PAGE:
At the beginning of the 1980s, Roland manufactured two low-price pieces of equipment which unexpectedly twisted the course of popular music. The Roland TR-808, a drum machine; and the TB-303, a bassline generator. Both were supposed to emulate real instruments to accompany musicians. But, given their relative low fidelity to the sounds they should have emulated (808 and 909), and the amount of effort required for a proper use (303), they ended up creating new and more exciting sounds. 808 drums sounded artificial, thus unleashing the creativity of some African Americans who exploited their potential for robotic and alien sounds.
The 808 beats birthed electro, which was the first electronically based black music. The Egyptian Lover made the 808 his revered instruments, while Afrika Bambaataa realized one of the most memorable electro hit with “Planet rock” (which covered the melody of Trans Europe Express by Kraftwerk, a linchpin of European electronic futurism). The Egyptian Lover and Bambaataa imaginary conjured a fully machine-made music with references to Africa, and they showed how blacks from underprivileged neighborhoods could be at the forefront of artistic innovation.
Acid is another landmark in the canon of technological misuses and reappropriation, as it was thanks to a second-hand 303 that the Chicago group Phuture invented acid house. Why try to emulate the sound of real instruments when you can let the machine take the sounds to previously unheard degrees of estrangement? The 303 basslines are piercing, gurgling, intoxicating, constantly yet subtly morphing over a four-to-the-floor thumping kick drum. Phuture translated their stage name into the music they produced, the 303 mis-used and taken further away from its prescribed usage.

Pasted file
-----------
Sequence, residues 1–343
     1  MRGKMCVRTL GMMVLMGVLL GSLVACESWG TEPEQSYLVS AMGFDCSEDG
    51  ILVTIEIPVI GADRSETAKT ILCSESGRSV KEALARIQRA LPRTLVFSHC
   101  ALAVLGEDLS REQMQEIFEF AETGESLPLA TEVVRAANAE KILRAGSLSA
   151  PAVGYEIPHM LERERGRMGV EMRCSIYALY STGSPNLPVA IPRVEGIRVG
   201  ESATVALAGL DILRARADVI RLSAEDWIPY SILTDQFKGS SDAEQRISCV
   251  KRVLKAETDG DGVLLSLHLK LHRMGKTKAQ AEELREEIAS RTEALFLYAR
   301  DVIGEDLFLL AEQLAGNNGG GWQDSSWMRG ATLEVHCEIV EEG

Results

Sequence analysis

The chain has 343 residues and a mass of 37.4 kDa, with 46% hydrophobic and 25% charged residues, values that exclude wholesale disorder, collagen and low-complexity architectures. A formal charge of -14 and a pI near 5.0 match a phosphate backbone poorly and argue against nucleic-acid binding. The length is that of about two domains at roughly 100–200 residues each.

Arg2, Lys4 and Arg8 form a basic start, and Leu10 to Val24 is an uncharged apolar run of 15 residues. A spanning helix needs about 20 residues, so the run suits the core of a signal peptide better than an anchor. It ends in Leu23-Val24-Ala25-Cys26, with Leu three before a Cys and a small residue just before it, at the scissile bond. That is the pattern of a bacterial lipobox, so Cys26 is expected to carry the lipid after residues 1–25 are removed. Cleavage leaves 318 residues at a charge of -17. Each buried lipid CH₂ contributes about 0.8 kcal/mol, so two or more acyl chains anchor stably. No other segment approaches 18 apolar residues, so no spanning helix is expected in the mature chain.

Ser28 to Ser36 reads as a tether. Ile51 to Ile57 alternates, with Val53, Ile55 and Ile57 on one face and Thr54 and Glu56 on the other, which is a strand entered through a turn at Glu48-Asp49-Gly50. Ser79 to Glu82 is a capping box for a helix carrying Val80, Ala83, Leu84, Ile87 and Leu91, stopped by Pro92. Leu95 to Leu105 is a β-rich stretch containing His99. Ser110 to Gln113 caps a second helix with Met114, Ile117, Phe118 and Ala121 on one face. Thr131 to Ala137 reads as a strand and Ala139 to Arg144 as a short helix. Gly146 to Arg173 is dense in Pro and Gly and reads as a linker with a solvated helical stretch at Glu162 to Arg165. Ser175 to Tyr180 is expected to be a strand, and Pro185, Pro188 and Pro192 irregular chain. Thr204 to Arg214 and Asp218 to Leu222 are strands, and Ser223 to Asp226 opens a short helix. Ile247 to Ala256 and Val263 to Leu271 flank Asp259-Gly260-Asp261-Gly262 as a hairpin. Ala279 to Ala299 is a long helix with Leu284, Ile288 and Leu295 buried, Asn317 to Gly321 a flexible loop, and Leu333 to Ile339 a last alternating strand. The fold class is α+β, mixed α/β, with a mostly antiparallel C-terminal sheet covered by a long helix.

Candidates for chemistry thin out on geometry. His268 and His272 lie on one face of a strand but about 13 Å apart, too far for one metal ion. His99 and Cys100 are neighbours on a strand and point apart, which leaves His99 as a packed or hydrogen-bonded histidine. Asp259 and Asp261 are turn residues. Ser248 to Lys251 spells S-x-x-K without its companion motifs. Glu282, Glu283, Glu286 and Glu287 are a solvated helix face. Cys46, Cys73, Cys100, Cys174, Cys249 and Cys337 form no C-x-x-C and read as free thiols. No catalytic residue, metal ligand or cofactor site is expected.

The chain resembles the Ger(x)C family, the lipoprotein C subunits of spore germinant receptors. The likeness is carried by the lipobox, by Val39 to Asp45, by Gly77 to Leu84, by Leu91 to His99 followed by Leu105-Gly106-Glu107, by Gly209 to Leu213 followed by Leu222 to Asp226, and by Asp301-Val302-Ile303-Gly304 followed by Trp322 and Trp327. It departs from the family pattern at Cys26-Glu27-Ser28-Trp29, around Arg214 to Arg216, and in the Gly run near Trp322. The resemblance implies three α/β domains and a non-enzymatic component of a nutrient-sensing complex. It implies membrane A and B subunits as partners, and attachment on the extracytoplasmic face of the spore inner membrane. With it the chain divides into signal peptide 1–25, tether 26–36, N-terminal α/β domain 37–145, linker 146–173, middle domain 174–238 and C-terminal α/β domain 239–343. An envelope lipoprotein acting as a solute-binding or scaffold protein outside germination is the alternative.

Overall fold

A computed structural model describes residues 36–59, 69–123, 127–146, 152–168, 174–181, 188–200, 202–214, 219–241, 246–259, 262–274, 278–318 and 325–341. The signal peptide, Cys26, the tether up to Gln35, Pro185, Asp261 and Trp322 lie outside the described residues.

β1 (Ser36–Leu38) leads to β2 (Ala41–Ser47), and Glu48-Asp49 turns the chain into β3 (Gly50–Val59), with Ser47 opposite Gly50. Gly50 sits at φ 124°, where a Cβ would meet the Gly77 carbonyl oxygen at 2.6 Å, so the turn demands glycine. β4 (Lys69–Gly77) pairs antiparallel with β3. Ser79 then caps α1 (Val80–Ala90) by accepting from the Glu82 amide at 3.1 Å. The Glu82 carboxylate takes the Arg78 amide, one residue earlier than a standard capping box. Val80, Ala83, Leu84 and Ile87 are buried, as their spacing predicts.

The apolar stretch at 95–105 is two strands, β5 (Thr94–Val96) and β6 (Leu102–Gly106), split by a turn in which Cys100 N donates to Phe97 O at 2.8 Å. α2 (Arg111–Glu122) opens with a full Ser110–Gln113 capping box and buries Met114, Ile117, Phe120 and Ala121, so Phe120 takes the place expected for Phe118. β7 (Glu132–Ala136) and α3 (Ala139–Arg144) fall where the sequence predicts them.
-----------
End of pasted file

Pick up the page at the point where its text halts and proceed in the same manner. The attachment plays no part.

Hip Hop as well couldn’t have risen without a creative engagement with producing and playback technologies. Isolating the breakbeats of funk songs and playing only these segments; prolonging them by playing two copies of the same record on two turntables; and scratching: all these innovations at the basis of hip hop are radical acts of conceiving the turntable as an instrument. Moreover, the technique of scratching, just like dubbing, was discovered by accident. Relying on these unforeseen usages of media, hip hop pioneers such as Dj Kool Herc and Grandmaster Flash became the ambassadors of a new African American street culture.
But hip-hop culture was shaped by another technological artefact: the sampler. With it, rap producers were able to craft new beats cutting and looping selected segments of existing songs.
Twisting temporalities, fragments of the past were stitched together to create new music. Producers sampled from the past of black music and from the most disparate corners of pop culture, and Eshun observes a sheer futuristic stance especially in the beats of Mantronix and The Bomb Squad, or the idiosyncratic rap and personality of Kool Keith.